Sometimes a wrong number can change your life. God help you when it does.
Harry Washello is a nerdy trombone player in a big band that travels around the US. While doing a stopover for a show in Los Angeles, California, he meets the woman of his dreams: Julie Peters, a somewhat nerdy, spunky, intelligent lady with charisma and charm in spades. Harry is instantly smitten, and to his luck, it seems like Julie is too. They spend time together, he meets her grandparents, and everything seems all set for a night of fun and dancing. Unfortunately, a freak accident involving a pigeon and a lit cigarette causes a power outage, and Harry’s alarm fails to go off. He oversleeps and shows up three and a half hours late to where she works, a diner in the Miracle Mile of Los Angeles, knowing how screwed he is.
And then Harry hears a payphone ring, and he makes the mistake of answering. He learns that nuclear war has begun, the missiles are in the air, and the apocalypse is due in an hour and ten minutes. The news shakes him, even if he suspects it’s a prank, and he tells the folks in the diner. When another patron checks and reveals he might be right, panic ensues. Harry then begins his fight to go to Julie and escape, taking a journey that involves an exploding gas station, a stolen police car, an aerobics class, a surprising amount of gunfire, and eventually mass panic in the streets. In short, it’s exactly like what happens any time a new Funko Pop line gets announced.
It’s a great twist, where what is a 1980s feel good romantic comedy suddenly turns into The Day After, only in Los Angeles so you know it’s gonna be a way weirder ride than what happens to a traditional nuclear family in Missouri. From random weirdos using noodles to make maps to barbecue joints at 4am in a diner to the most ridiculous spandex gym wear of the decade, it’s the oddity of the characters in this city that make things feel so out of whack and yet so honest; nobody is plain bland in Miracle Mile, and almost every character is memorable. Sadly, it being a movie about impending nuclear death, this means they’re probably all going to die, and you learn the sad fates of a few while many more are left as simple unknowns.
As for Harry and Julie? Watch the movie, though don’t expect it to go for the traditional Hollywood ending. It took writer/director Steve De Jarnatt almost a decade to make the movie, partly because he wouldn’t compromise on his vision for the finale. And it works. The flick is already a sucker punch to the nuts when it transitions to a nuclear terror at the start of the second act, so how could he not double down? And no, I won’t spoil it for you. Just know that the ending to this movie is now up there with films like Dead & Buried and To Live and Die in LA, which I also will not reveal and will take to the grave. Unless you go watch them. Please go watch them.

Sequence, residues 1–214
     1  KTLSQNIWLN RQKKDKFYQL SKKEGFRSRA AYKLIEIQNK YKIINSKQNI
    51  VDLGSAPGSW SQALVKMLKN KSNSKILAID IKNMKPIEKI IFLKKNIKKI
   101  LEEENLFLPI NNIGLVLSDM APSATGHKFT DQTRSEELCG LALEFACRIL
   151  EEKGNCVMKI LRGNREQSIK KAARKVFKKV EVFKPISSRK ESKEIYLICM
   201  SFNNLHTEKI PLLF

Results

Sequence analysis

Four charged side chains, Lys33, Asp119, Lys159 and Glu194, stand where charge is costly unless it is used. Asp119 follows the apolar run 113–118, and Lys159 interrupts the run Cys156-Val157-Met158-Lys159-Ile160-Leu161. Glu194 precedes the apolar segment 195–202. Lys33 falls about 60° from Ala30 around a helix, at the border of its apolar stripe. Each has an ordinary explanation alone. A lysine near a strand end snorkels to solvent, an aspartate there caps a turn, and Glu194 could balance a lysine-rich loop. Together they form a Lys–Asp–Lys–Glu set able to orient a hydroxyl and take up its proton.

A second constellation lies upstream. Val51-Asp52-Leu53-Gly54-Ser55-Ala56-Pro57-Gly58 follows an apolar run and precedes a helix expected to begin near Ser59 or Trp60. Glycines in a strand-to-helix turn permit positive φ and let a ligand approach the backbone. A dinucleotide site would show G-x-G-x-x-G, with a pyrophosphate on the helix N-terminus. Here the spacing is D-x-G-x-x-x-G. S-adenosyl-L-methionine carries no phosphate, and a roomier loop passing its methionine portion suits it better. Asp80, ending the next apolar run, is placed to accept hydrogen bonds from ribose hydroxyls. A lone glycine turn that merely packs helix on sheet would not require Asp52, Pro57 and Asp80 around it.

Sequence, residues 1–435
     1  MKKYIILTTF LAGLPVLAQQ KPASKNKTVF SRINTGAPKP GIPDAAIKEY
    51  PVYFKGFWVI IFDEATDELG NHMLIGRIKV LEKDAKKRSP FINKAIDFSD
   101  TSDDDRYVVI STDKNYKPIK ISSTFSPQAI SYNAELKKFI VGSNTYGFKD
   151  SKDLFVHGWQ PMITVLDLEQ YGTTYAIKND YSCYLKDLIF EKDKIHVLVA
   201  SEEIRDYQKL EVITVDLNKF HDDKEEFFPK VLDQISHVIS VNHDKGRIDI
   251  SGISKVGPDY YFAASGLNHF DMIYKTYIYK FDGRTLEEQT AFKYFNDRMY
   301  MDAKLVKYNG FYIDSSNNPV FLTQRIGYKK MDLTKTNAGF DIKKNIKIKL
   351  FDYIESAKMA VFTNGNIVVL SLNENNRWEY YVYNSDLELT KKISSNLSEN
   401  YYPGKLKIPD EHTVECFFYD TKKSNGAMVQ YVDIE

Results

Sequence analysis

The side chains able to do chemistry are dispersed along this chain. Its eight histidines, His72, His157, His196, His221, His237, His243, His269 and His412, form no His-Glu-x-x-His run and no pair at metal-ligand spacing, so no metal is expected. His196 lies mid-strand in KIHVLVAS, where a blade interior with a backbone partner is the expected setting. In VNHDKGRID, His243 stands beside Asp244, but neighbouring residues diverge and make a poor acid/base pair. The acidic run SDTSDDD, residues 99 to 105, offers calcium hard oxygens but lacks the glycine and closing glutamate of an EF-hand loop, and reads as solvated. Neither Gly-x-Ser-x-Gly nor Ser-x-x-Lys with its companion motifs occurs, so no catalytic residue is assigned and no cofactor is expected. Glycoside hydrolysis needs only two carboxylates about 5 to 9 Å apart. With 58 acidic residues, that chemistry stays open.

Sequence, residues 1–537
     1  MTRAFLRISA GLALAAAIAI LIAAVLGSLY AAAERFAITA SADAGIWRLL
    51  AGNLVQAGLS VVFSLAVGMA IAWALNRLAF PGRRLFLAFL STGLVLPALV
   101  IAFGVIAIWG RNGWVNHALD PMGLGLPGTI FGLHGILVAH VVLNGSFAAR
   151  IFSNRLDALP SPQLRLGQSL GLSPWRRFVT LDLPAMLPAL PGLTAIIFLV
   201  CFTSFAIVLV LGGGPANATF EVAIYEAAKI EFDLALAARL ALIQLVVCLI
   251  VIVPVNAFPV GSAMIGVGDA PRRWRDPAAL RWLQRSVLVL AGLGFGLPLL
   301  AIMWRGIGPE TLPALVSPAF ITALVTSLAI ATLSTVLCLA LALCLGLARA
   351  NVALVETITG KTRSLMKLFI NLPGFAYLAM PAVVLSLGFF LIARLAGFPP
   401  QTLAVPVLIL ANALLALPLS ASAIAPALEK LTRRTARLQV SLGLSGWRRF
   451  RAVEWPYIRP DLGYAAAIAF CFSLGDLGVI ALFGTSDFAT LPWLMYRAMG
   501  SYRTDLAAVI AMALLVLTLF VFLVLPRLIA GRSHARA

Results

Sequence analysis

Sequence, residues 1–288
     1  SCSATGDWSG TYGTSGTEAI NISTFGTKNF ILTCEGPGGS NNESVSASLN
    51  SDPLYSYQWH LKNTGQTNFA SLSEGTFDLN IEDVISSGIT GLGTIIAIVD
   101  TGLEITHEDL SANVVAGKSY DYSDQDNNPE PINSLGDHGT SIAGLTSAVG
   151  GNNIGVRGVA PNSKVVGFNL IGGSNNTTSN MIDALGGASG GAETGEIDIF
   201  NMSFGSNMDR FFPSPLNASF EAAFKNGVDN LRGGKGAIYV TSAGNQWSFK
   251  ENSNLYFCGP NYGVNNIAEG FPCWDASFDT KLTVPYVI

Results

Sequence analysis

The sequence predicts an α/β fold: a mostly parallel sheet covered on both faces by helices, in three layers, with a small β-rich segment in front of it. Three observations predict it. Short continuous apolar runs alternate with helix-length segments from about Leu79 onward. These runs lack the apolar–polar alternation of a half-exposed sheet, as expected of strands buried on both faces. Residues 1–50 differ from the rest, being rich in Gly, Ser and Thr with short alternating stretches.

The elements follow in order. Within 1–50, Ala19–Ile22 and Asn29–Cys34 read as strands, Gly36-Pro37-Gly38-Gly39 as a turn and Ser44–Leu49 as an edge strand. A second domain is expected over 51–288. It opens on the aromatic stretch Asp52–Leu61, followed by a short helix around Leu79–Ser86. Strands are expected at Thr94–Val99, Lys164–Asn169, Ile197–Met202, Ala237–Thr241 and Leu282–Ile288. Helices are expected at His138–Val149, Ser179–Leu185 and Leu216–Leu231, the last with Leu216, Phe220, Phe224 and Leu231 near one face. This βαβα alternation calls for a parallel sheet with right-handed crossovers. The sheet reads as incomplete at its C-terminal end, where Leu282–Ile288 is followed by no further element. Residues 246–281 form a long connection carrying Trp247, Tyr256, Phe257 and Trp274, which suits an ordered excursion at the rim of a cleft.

So how does this film stack up to other 1980s doomsday movies? Well, it’s a highly watchable romp, and you don’t have to see anyone’s hair or teeth fall out, so if you’re more into radioactive gore porn, this one ain’t gonna do it for you. But there is a color palette transition that ties it in with another film about the end of the world in Southern California. Most of Miracle Mile takes place at night, so when the sun comes up, it takes on a golden orange hue of dawn in the desert that made me immediately flashback to the red sky of Night of the Comet. I now want to pair the two films together for a sick the-end-is-nigh double feature.
This movie also has connections to a multitude of movies via its soundtrack, which was composed by Tangerine Dream. With over 60 scores to their name, some of which are attached to classic pieces of cinema like Thief, Risky Business, or The Keep (I kid…), it’s worth seeing solely if you’re a fan of their work. It’s also worth it for the tonal changes as well as the interplay between Harry’s one big band scene and how it melds in with the soundtrack and doesn’t feel weird despite everything else being electronic music. At no point does the music swell and take over for the action, resulting in a film where the characters and their emotions are able to dominate with musical support.
In fact, Tangerine Dream’s particular brand of surrealist electronic sound melds in well with the night time setting, the strange and unusual characters that haunt the wee hours of LA, and the growing fear and dread of nuclear armageddon. It lends the sense of a dream state, that this is the nuclear nightmare we had all been dreading in the violent thrashing of the Cold War’s dying days. Harry even tells himself that he is in a dream. There is an intense connection through Harry and Julie’s love, and then the bizarre twist into a frantic search and steadily building despair. No, the film isn’t bad by any means, but the dream that it inhabits seems occasionally illogical or unrealistic, only to grow steadily worse as we continue down the rabbit hole. A guy in a diner misses a date and then half an hour later is in a stolen police car driving away from an exploding gas station while thinking nukes are in the air. The situation is steadily going from bad to worse to even worse, and all we can do is root for these two crazy kids to find each other and get to revel in their love while the world goes to hell.
And then that ending hits, like a corpse on a sewer grate. It is both depressing and uplifting, and you need to see it. In fact, I’m seriously concerned about why you’re still reading this and not tracking down Miracle Mile right now. Go watch it, damn it!